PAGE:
St. Paul refers to his own preaching to the church in Corinth in 1 Corinthians xv.1-4, in which he preaches the Gospel he himself was taught:

Moreover, brethren, I declare unto you the gospel which I preached unto you, which also ye have received, and wherein ye stand; By which also ye are saved, if ye keep in memory what I preached unto you, unless ye have believed in vain.  For I delivered unto you first of all that which I also received, how that Christ died for our sins according to the scriptures; And that he was buried, and that he rose again the third day according to the scriptures:

The successor to the apostles appointed over us here at St. Luke’s Church is Archbishop Mark Haverland.  He will come to visit us this November 2nd.  He will preach the Gospel, administer the Sacraments, and tend to his flock.  He is the one responsible for our missions both overseas and domestically.  He teaches well and has proven himself to be a staunch and unmovable believer in the Gospel of Christ which he ensures is taught faithfully to you, his faithful people through the likes of me, one of his priests.

 

Third, apostles rule with authority.

Today’s lesson from Acts refers to the wondrous workings of St. Peter, showing that the apostles held healing power comparable to Christ.  St. Paul does similar work later in the Acts.  The apostles work wondrous miracles, they are to be a paradigm of humility according to the Gospel, they preserve the Lord’s doctrine, they form the core of the Church’s fellowship, and they are to become the rulers of Israel.

We ought to remember that the wonderful works and teachings and love shown forth the apostles and their successors are not theirs; they are Christ’s.  Without Christ, none of us can do any good work, can teach God’s honest truth, or love one another and God with all our hearts, with all our souls, and with all our minds.  All our good works, teaching, and love bear fruit in Christ alone.

The Church today is in continuity with the Apostolic Church through the Apostolic Succession.  Our own bishop has received the ensured Sacramental grace of Holy Order through both touching hands on heads and by practicing today the faith of the early Church.  Our doctrine conforms to the doctrine of the early Church.  If it does not, then we must reform so that it does so conform.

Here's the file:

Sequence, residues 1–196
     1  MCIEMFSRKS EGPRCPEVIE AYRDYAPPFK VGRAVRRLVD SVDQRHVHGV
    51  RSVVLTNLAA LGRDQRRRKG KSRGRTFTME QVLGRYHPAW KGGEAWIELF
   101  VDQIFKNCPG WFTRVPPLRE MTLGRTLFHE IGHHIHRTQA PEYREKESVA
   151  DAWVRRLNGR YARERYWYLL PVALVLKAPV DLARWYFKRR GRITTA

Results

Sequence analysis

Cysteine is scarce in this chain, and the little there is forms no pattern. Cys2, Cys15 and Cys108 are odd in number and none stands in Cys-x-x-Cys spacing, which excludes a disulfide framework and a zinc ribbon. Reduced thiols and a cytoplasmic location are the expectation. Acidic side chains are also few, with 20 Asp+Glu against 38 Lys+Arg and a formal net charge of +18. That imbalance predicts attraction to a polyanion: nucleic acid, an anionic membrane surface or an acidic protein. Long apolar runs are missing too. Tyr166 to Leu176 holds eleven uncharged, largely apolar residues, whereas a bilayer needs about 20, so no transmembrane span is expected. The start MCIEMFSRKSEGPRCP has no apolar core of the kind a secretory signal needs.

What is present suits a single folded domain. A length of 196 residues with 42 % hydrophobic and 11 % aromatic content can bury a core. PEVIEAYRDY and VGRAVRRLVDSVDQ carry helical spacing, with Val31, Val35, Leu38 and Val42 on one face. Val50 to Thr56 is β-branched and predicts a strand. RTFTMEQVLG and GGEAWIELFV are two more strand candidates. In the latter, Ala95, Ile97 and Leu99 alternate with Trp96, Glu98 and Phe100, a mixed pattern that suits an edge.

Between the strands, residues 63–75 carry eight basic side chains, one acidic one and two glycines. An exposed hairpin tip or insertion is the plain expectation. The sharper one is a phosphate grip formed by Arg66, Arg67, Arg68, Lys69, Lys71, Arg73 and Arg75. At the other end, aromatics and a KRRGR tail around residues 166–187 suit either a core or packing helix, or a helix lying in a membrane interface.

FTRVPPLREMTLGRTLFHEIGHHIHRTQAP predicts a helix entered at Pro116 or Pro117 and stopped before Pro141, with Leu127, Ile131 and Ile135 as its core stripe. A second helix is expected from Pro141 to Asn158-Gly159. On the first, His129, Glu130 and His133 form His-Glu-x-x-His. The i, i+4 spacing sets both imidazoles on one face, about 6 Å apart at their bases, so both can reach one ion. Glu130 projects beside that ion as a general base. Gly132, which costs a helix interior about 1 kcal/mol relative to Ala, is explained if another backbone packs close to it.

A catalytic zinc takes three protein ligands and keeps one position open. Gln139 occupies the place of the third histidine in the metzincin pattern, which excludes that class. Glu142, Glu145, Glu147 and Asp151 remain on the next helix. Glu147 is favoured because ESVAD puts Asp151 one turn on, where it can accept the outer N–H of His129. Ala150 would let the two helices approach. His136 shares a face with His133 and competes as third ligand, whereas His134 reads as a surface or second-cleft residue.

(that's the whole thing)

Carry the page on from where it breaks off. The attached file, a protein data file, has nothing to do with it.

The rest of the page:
The Church is Apostolic because she keeps the faith delivered to her by Christ through the apostles and the successors of the apostles, the bishops.  Their consecrated touch in the Sacrament of Holy Order freely and certainly bestows the Holy Ghost which enables them to perform the work necessary to their calling.  This is clearly shown by St. Clement before the end of the first Century, conforms to the Holy Scriptures, supported by others immediately afterward, and taught throughout the Catholic Church.

Today’s Gospel shows that the Lord will have the Twelve Apostles judge the tribes of Israel.  As those ministers directly commissioned by Christ to grow the Church which He has planted, the apostles have the authority to rule over the Church.

After Pentecost, the apostles delegate authority to bishops, or overseers.  The Greek word for bishop is episcoposEpi means “over” and skopeo means “to see”.  A bishop oversees the church.  They continue the apostolic rule of those of Christ’s own ministry to Christ’s own Church.

Today, we crave Christ’s ministry amongst us.  Christ knew we would, and so He appointed those who would continue His ministry to the Church.  The apostles and the heirs of the apostles provide this leadership.  They are a great blessing from Christ to us.

The bishops ensure we hear the true Gospel every Sunday.  The bishops ensure every priest is vetted and trained before ordination.  That is why I read the Si Quis this morning, so that if any of you had something the bishop needed to know about Dr. Malone before his ordination, he would hear it.  Bishops convene synods of all the parishes, intervene in disturbed parish situations, discipline the clergy, and try to keep unity with good discipline and proper dogma with other Christian bodies.

 

Ask the holy apostles for their prayers.  They were personally selected by Christ, taught by him, and died for him.  They are alive in Christ in His Body, the Church Triumphant in Heaven.

Pray for your bishop, Archbishop Haverland, and your priests, Father Martin and me.  Christ has given us grace in the Holy Ghost to continue His work amongst his people.  But we are still frail sinful men like yourselves.  Pray that we stay humble, proclaim the true Gospel, and rule with loving-kindness and authority.

 

“he that is greatest among you, let him be as the younger; and he that is chief, as he that doth serve.”

+ In the Name of the Father, and of the Son, and of the Holy Ghost.  Amen.